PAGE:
We learn that worship isn’t about trying to break through to a distant God ‘out there’; its about God sending the Spirit of his Son into our hearts so that we can cry “Abba, Father”; so that we can enjoy the relationship Jesus enjoys with his Father.
Music in worship needs to be caught up in this movement of transfiguration. For music is one of the many ways in which the Spirit binds us ever closer to Christ, so that through him we can be led into a deeper obedience and trust of the Father.
In worship there needs to be a sense, as Martin Luther put it, that ‘we have a brother in heaven’. Jesus has stood where we stand, and as we approach Lent we do well to recall again how God uses our weakness to make us strong in faith and love.
This facet of worship, which takes our fallen humanity seriously, cannot be ignored and certainly is not ignored in our music.
The wide repertoire established here at St Margaret’s confronts, among other things, the common human experiences of pain, protest, frustration, disappointment, and so on.
And likewise it must be faithful to the full faith of the church, reflecting its entire range: the horror of Golgotha, the glory of Easter, the inspiration of the holy saints, God’s tenderness as well as his hatred of sin, his boundless forgiveness as well as his passion for justice.
I think it goes without saying that we all recognise the fact that music in worship plays a fundamental role in strengthening church life.
At a very basic level, when a hymn is addressed directly to God its also a means of encouraging each other in our worship.
At a corporate level, musicians are very well aware that music in worship isn’t about individual or group ‘performance’, or asserting power over others, its all about enabling all to worship in spirit and in truth.
Music is important, liturgy is important, preaching is important, but ultimately we are redeemed not by the absorption of ideas or settings but rather by becoming members of Christ, that is, by coming into a fresh relation with the living Christ and thus, a fresh relation with each other.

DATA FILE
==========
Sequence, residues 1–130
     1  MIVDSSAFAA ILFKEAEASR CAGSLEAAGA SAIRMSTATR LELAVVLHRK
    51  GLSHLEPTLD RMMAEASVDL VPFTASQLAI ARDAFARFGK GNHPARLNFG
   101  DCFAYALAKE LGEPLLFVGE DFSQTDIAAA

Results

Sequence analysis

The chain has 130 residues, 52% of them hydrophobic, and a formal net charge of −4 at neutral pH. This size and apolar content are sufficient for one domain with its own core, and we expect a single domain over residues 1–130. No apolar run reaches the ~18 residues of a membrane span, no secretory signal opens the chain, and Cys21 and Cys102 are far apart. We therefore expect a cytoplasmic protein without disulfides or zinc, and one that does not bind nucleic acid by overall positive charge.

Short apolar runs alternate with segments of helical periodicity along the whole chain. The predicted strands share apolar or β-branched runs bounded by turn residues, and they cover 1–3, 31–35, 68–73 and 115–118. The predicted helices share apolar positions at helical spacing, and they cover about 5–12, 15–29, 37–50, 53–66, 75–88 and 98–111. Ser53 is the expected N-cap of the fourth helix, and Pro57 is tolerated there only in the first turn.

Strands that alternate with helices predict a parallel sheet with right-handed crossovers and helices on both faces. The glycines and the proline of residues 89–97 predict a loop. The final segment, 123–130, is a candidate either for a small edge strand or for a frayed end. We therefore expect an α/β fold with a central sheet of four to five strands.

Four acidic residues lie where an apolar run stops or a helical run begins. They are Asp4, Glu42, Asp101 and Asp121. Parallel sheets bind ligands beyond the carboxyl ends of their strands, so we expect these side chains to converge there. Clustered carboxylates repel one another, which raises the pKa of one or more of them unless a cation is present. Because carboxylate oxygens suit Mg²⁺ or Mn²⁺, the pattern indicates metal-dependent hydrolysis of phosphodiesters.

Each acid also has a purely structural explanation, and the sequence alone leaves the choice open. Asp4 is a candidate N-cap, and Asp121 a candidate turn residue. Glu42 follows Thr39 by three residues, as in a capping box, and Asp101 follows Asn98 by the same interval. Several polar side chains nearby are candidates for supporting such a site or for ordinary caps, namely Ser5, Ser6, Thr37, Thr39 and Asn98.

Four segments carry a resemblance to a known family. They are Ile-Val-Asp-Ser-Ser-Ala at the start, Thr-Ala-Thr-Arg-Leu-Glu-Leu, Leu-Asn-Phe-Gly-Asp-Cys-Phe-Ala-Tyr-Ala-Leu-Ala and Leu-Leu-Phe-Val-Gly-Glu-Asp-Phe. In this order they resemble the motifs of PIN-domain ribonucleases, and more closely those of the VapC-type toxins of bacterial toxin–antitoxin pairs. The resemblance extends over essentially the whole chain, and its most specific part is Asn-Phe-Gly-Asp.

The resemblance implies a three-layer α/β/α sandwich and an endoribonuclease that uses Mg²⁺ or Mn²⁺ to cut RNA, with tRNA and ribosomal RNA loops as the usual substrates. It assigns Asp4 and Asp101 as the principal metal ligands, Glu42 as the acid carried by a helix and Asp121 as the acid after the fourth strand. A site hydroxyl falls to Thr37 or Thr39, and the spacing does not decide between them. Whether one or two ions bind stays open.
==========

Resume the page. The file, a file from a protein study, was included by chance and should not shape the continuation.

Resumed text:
I don’t believe its a question of old or new, but rather a mind-set which repeatedly and gently questions how the way we do things is somehow enabling that encounter.
We all know that music and liturgy are hugely helpful, but ultimately they can’t deliver that encounter on their own for only God can do that.
Our worship therefore should be an encounter with Christ through that highly specific cluster of events of life, and of death, and of resurrection.
Without the additional dimension and enhancement of music, the danger is that this that this encounter can be reduced to a rather generalised, all embracing, spirituality.
I draw to a close with one note of caution and one of encouragement:
Firstly the note of caution: Mindful of all the great benefits that music brings we do well to remember that sublime choral music in worship is not ultimately here to make us feel better, or to make us feel spiritual or to relax us and take our stress away.
All that would be very nice but that’s not actually what the gospel about. The gospel reminds us that we’re profoundly at odds with ourselves because we all need transformation, we all need to absorb God’s love into our very beings and be made whole in him.
And then the note of encouragement: There’s so much delightful and spine chilling music here on earth that we can be sure that there is music in heaven.
The sometime Dean of York, Eric Milner-White described heaven as a place where there is neither noise nor silence, ‘but one equal music’.
‘We are the music while the music lasts’, says Eliot; - and thank God the music lasts forever.